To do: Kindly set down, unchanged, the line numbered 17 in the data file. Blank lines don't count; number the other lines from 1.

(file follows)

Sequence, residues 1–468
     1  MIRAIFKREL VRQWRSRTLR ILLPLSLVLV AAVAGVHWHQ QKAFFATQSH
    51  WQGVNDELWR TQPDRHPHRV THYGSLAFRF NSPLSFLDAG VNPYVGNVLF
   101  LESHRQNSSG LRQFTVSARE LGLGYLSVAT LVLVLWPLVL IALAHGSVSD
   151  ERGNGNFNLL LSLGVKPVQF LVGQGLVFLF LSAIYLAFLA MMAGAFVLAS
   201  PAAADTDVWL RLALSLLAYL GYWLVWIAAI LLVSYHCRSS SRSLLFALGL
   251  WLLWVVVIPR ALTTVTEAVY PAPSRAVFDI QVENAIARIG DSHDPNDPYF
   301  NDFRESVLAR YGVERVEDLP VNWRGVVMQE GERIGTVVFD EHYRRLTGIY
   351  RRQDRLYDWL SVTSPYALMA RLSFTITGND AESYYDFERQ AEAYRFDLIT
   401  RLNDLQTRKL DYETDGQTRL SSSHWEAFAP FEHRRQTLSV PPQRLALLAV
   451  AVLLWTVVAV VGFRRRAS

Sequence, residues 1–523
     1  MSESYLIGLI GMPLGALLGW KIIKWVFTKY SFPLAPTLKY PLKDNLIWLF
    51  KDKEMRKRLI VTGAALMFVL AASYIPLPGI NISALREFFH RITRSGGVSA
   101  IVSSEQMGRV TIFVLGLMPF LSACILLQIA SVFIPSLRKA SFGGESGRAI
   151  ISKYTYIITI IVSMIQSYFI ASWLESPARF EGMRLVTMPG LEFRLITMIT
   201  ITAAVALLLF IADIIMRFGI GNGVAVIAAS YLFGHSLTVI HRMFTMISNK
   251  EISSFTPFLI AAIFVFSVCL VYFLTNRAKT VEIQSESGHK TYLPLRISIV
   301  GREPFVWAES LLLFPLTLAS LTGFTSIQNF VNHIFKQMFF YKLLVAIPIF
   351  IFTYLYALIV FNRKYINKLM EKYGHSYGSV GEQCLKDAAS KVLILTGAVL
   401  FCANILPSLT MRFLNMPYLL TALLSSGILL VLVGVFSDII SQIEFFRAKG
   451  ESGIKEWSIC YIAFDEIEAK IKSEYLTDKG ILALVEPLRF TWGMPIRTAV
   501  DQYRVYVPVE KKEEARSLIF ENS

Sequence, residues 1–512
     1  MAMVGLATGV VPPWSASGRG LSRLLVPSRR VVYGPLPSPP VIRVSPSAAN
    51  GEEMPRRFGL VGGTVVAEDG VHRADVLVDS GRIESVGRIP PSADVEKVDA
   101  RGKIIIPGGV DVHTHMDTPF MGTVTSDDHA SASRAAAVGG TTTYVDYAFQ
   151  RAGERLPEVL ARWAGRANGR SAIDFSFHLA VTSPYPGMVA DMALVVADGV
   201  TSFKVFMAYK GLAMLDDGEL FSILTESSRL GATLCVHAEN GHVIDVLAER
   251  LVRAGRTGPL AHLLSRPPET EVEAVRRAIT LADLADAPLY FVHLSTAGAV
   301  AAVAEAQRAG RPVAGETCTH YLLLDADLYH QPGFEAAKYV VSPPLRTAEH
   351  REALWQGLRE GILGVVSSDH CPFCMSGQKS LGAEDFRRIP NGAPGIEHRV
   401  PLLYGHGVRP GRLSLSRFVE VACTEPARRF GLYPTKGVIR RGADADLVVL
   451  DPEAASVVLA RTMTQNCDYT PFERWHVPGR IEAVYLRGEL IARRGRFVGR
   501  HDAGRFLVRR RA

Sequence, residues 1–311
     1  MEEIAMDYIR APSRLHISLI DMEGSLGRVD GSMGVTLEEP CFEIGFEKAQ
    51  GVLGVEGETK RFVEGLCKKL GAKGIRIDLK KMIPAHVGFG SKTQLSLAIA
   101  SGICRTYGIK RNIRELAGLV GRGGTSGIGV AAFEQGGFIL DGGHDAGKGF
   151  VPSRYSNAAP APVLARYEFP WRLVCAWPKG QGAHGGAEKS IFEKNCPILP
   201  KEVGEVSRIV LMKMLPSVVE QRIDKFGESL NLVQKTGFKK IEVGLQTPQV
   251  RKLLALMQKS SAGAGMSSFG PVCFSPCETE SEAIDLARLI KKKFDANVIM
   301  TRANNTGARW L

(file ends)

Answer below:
   201  ITAAVALLLF IADIIMRFGI GNGVAVIAAS YLFGHSLTVI HRMFTMISNK